Image: Sad Skull Thinking(Calavera triste, pensando) 
 

 

16 comments:

  1. Joy,
    Very educational and very informative. I love it!

    Hank

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  2. It took awhile to glean out the translations but I find it both sad in its past, a short but good relation ended, gone but accepting in the present as relating to the Day of the Dead. Liked the sugar alter though eating any of it would probably send me into a glucose coma, then it would be my skull below El Jeffe!

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  3. That's a sweet way to remember the dead and gone, the kind you want to leave there. But the song is bringing back my memories ... Go figure! :-)

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  4. A long road down the Indo-European languages for me here back to Spain and Celtic forebears with their vivid sense that the dead live very close to us ... I loved the notion that a "calaveras" is a poem by the dead to satirize the living and makes me remember how old Irish poets (who migrated from Spain) could be such nasty satirists that their lyrics were sometimes likened to the buzzing of flies. Dreams, death, skull-oracles, poems, language the tomb of the Muses buried in the heart creaking open and giving whiffs of the old old heavy history, personal and collective. That this is a skull-candy laid at the altar (of Love, I presume) makes the words that much sweeter on the tongue. Death-sweet, I suppose ... You some gringa. The Puerto Ricans in my Chicago high school got all the pretty white girls, dancing like synchronized switchblades to Malo and Santana .. - Brendan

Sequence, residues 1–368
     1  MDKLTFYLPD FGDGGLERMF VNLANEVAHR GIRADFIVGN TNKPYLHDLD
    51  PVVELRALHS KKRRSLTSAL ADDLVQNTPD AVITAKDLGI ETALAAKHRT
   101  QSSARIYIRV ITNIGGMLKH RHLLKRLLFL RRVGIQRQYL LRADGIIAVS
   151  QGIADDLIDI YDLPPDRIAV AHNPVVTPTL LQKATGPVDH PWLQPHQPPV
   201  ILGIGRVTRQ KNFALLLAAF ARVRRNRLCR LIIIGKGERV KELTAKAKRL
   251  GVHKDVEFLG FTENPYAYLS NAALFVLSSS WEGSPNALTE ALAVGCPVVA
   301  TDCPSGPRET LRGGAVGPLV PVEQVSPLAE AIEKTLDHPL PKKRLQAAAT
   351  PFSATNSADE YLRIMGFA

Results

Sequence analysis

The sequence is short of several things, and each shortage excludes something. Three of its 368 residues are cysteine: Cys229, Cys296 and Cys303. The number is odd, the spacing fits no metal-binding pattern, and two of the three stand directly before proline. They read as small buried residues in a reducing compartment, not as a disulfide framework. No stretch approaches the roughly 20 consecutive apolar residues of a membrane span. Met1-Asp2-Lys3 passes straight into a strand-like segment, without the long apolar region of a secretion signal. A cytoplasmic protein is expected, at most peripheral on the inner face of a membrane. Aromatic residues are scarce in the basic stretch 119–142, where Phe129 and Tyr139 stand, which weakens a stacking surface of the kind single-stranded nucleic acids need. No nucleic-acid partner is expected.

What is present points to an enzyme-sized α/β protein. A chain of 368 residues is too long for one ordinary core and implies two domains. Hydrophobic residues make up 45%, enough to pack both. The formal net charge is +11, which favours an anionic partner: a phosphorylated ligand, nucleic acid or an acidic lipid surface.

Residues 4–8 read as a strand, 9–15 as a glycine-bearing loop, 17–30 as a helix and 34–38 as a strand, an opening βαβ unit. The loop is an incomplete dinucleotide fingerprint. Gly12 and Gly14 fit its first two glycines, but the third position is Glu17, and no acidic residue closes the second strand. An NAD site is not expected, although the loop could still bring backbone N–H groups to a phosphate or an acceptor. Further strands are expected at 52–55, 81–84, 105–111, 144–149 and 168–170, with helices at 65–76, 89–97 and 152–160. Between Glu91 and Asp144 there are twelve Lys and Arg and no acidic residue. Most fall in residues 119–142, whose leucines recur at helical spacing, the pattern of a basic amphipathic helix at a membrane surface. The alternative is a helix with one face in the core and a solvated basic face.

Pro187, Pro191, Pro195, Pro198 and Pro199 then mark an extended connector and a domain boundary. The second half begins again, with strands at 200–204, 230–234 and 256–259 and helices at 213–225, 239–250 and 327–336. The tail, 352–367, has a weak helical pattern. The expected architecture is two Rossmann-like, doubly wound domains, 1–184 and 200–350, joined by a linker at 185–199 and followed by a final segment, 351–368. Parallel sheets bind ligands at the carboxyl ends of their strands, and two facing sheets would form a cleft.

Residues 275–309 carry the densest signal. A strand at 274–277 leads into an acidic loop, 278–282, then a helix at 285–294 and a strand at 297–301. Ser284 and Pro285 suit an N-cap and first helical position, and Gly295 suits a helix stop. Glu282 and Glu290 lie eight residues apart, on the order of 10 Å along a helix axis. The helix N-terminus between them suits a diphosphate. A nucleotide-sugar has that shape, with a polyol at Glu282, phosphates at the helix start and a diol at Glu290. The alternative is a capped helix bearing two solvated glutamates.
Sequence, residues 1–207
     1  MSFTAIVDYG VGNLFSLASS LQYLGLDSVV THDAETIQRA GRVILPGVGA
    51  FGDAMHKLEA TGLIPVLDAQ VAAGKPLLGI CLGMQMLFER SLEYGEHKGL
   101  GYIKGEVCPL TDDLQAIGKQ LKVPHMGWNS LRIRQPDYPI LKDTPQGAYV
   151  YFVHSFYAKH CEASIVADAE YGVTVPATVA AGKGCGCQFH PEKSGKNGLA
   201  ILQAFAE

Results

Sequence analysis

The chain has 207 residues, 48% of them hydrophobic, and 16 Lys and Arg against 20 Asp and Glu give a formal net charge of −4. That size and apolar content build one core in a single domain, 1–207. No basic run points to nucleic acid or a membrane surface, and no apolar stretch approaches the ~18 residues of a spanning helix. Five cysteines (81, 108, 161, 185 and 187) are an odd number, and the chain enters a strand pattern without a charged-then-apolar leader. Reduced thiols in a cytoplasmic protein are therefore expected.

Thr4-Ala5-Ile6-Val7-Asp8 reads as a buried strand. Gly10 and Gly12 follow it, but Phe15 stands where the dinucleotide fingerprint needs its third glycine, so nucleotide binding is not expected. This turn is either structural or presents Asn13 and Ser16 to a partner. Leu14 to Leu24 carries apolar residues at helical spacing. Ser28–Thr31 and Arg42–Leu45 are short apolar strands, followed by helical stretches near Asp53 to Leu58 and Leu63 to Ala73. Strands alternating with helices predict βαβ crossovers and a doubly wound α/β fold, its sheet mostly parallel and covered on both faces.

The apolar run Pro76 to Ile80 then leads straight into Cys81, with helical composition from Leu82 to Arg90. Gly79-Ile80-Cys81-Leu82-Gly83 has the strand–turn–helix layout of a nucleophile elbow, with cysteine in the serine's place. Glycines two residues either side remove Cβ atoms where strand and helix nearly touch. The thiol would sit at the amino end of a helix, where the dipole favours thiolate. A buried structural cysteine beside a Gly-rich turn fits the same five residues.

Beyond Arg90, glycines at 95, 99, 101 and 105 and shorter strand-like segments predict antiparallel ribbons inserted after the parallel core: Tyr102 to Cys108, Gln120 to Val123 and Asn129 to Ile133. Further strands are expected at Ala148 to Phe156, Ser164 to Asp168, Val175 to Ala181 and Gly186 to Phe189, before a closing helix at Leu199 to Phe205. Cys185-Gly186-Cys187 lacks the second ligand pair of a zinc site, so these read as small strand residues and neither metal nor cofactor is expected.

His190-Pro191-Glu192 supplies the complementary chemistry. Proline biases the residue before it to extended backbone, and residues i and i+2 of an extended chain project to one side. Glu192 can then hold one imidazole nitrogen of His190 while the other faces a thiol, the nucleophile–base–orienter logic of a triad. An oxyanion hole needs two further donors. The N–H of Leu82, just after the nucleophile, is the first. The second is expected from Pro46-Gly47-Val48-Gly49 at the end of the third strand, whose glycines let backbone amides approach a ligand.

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  5. I liked the way you did this! It is very good.

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  6. just because i took a couple years of spanish 1...hehe...i really like those closing lines...it left me with a smile...the dead leave us with only memories...we can choose to shout at them on love on them for the sweet moments...